As a papercut artist it might not surprise you that I’m not really a believer in a paperless society. But using a product that results in millions of trees being chopped down each year doesn’t exactly scream environmentally friendly does it? So how do I justify my obsession with paper?
Don’t stop using paper – use it better!
Earlier this year we committed to making Rosie and the Boys as eco-friendly as we could without giving up on using paper (you can read about it here). So here are the some of the ways we are trying to put our new maxim into practice:
Reduce how much we use
Sounds a bit obvious doesn’t it? But this isn’t just about no printing things when we don’t really need to, it’s about getting the most out of each piece of paper.
- Similar to the concept of no-wastage pattern cutting I try hard to position cutting templates to make the most effective use of a piece of art paper. High quality art papers are now the only paper resource we use that are allowed to hold single use status.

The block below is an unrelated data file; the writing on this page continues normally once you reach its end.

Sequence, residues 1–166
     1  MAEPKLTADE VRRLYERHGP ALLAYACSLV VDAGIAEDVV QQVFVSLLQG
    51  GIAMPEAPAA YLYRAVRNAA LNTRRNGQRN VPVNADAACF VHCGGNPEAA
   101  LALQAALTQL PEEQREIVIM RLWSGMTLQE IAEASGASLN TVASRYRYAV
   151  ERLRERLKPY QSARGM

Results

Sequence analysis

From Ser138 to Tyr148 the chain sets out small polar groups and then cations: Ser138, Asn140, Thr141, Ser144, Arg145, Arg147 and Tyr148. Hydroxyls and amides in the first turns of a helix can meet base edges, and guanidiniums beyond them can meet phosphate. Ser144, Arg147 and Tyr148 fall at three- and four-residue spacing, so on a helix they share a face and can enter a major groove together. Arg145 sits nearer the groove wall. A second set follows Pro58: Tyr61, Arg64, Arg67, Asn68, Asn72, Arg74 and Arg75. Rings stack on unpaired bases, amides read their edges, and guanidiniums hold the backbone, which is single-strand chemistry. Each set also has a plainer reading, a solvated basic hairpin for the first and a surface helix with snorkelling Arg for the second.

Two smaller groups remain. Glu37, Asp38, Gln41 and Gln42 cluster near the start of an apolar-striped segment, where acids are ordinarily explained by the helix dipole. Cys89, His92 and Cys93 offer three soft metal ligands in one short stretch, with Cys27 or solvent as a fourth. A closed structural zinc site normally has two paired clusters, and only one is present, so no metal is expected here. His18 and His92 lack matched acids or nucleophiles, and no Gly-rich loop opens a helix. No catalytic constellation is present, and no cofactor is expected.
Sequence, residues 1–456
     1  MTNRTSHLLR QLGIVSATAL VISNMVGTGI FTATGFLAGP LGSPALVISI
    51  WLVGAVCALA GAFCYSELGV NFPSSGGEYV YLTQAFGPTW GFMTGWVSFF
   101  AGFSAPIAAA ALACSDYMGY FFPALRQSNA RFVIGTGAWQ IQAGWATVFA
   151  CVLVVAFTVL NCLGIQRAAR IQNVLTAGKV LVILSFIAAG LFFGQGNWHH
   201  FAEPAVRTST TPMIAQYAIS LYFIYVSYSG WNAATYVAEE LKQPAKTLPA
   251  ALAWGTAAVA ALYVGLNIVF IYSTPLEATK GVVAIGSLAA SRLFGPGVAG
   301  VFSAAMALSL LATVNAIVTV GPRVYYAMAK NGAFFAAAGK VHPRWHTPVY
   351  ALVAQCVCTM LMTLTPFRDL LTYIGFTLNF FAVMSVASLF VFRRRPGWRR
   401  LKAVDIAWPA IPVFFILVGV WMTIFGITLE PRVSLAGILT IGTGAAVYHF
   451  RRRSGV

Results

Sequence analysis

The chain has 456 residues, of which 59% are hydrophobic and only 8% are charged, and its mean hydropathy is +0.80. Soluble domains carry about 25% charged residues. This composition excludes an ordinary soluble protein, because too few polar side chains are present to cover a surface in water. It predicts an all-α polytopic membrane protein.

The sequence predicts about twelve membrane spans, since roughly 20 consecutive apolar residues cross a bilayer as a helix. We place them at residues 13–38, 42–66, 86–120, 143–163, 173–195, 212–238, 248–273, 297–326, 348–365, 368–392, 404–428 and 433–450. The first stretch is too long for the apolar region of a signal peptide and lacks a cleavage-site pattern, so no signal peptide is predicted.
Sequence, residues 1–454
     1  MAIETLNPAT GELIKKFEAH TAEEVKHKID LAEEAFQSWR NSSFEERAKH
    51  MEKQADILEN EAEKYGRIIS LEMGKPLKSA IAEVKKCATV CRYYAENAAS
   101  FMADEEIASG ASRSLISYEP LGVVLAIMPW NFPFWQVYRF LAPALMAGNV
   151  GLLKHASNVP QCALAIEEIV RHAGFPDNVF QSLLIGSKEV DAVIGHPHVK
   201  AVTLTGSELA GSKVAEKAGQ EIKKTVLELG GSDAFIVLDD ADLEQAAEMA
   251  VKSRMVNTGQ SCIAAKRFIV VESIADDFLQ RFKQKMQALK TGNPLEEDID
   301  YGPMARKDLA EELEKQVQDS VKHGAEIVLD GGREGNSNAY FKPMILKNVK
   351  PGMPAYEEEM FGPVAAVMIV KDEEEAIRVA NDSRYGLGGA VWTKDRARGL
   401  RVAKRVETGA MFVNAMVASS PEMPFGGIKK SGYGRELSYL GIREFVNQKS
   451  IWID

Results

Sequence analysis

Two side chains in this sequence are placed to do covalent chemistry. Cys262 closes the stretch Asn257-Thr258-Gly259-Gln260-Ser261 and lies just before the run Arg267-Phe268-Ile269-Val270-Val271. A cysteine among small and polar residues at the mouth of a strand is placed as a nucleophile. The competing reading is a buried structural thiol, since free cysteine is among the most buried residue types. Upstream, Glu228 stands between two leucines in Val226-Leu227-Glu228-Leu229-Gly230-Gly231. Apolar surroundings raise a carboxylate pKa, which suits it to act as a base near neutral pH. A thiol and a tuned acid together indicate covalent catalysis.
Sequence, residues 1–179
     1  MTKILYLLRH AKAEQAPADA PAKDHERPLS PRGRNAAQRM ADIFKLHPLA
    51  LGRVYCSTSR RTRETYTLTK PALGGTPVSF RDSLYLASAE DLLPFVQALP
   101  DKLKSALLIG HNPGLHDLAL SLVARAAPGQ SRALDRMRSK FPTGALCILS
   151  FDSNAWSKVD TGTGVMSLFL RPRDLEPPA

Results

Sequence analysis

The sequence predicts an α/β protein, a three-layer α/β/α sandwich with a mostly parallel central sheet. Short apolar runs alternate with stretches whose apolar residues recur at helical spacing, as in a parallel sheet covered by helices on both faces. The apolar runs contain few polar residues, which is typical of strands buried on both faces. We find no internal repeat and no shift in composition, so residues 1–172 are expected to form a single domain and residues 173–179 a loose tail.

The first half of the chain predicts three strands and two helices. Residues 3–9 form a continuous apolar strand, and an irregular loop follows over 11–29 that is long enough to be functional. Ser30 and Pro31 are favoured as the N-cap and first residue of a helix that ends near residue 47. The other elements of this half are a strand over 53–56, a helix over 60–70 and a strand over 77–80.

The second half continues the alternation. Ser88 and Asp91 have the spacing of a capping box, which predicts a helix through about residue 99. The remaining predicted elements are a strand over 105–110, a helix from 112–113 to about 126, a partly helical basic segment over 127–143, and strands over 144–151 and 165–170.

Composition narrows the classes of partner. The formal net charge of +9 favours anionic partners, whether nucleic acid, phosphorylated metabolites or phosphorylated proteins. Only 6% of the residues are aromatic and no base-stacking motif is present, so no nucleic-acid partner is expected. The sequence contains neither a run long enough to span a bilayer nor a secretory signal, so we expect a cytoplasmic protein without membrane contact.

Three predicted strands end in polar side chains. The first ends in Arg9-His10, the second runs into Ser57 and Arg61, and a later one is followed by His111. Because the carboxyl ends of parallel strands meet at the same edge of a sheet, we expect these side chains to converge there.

- Challenging myself to reduce how much art paper I use has also meant I now actively look try to create designs to utilise the larger offcuts from commission pieces.
- And what about the teeny tiny scraps of paper? Well I’ve even come up with a use for those!( Find out more in the next blog post.)
Reuse what we have
- I find myself writing endless lists; jobs to do, people to contact, which photos I’m going to use.
- A sheet of blank paper can be daunting, somehow using the blank side of an envelope or scrap piece of paper takes away some of the pressure and you can get straight down to sketching.
- Even though I use Illustrator to create a lot of my commission work it helps to block out a draft design on paper first. Drawing takes practice, practice, practice. Not all the designs I come up with are “keepers”, sometimes I’ll redraw something over and over to get it right. Sometimes I walk away from an idea. By using scrap paper to practice first, I make better use of “The Sketchbook” or Illustrator to develop promising ideas.
Recycle what we can’t reuse
And what happens to all those to-do lists once they’ve been completed and the practice designs drawn on the back of envelopes? What about the teeny tiny offcuts from papercuts that are so tiny they can’t be used? Well, this cardboard box now has pride of place under my desk ready to catch even the tiniest scrap allowing it to be recycled.
So here’s to changing the world: one envelope at a time!
If you’ve got any suggestions for how we could use paper even more efficiently then we’d love to hear them. Just add a comment below.